For the inaugural post of the series I wanted to talk about a pattern that has been really important to my own designs, and that has become a hallmark of modern games.
What you do helps others too is a pattern in which your play doesn’t function to block others as much as it opens up possibilities to them. In this kind of game the winner is the one who is best able to get more out of her plays than she gives up to others. The name of the game is to capture surpluses, not to enforce scarcities.
In Carcassonne each tile creates new possible scoring options for players – though a strong player will claim the best scoring options for himself first. Ingenious has a similar feel, but unless tiles are placed so as to foreclose the option, it’s often the case that the following player can score one better than the one who played before him. Tile-laying games have this pattern deeply embedded in them.
Eminent Domain is just one example from a rich collection of role- and action-selection games that feature some mechanism that allows other players to benefit from actions on the active player’s turn. Glory to Rome, Puerto Rico, Race and Roll for the Galaxy, and Tiny Epic Galaxies all have different flavors of this mechanism. In Puerto Rico, everyone gets to take the action of the role selected, but the chooser gets a bonus. In Race and Roll for the Galaxy, the only phases that take effect are those chosen by the players. In Eminent Domain and Glory to Rome, players can follow the actions of other players, and may take very strong versions of those actions based on the cards in their hands and tableaus that match the chosen action. In each of these games, players must think carefully about which actions to take so as not to give away too much to their opponents, and must also position themselves to be able to take advantage of actions their opponents are likely to choose.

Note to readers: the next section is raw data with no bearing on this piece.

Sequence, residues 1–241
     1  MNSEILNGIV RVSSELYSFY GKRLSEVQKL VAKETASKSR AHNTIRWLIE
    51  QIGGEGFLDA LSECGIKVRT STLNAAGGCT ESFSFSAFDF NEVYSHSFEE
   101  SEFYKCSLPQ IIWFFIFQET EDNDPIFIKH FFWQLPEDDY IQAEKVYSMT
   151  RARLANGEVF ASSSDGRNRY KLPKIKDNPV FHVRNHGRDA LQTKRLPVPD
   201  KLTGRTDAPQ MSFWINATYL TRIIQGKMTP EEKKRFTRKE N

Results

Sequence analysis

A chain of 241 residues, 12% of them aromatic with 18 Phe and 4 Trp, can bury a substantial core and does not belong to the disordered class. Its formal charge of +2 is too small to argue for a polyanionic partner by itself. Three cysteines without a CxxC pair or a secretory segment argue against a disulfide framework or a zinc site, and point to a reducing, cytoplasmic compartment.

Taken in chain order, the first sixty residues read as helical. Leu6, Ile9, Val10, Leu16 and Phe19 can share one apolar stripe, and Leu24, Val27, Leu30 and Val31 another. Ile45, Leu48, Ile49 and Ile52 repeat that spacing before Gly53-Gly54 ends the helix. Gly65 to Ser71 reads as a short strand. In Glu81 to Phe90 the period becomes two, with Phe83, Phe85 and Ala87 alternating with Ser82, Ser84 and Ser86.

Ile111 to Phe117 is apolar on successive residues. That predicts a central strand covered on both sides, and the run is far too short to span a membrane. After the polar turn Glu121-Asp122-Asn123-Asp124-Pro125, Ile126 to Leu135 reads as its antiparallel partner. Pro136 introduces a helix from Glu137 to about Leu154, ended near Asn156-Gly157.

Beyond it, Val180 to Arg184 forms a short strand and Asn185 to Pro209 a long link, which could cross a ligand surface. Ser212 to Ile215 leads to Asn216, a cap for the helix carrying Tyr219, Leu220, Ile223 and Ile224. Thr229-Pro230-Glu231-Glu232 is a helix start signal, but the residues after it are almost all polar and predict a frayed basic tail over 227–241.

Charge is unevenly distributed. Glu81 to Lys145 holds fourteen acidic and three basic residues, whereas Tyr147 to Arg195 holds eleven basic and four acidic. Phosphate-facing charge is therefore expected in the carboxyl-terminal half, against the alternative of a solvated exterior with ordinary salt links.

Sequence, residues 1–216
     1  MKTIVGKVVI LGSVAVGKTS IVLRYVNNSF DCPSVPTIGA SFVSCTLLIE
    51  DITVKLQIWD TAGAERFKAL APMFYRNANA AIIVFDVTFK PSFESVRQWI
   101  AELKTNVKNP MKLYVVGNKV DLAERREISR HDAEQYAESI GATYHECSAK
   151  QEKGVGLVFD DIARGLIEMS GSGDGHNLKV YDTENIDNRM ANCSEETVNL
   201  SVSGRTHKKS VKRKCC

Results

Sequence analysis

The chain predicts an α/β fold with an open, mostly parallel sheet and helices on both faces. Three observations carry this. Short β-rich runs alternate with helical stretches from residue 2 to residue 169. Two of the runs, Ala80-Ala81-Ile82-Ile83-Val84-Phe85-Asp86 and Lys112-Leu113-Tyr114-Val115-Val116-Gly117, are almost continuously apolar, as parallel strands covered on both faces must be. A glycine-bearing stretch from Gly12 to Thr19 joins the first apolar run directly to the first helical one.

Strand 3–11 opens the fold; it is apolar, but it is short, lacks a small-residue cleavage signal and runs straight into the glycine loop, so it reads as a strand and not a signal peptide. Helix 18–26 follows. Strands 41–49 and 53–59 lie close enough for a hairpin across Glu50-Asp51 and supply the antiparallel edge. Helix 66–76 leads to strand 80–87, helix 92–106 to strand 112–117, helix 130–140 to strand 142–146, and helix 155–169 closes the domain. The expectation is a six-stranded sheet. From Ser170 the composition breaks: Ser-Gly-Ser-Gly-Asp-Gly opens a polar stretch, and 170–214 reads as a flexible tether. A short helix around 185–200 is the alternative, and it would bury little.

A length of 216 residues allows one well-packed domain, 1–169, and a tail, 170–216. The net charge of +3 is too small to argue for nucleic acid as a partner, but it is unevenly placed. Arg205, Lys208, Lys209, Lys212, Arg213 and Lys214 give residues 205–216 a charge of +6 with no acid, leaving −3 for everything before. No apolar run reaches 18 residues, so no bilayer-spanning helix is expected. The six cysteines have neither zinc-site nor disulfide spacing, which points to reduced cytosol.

In our game, Seikatsu, Matt and I took this dynamic that’s typical of tile-laying games and pushed it to the extreme.
In Seikatsu, players have the opportunity to score every single tile in the garden, whether they played it or didn’t. However, each player scores sets of flowers that exist in rows, and player view the rows from different perspectives. With every play, players create opportunities for other players to create sets, and must consider carefully how to maximize their score not simply by making the highest-point play, but by taking into account how their opponents might score off of that play too.
This design pattern can support both low-interaction games like Race for the Galaxy and high interaction games, like most tile-laying games. While it supports some blocking, especially in expert play, it tends to generally create positive feelings of increase, building, expanding and opportunity. Players feel good because they’re always gaining, and players feel clever when they maximize their opponents’ plays for themselves.
Your turn! What are some of your favorite games that feature the pattern of “What you do helps others too” ? What kinds of design problems do you solve with this pattern?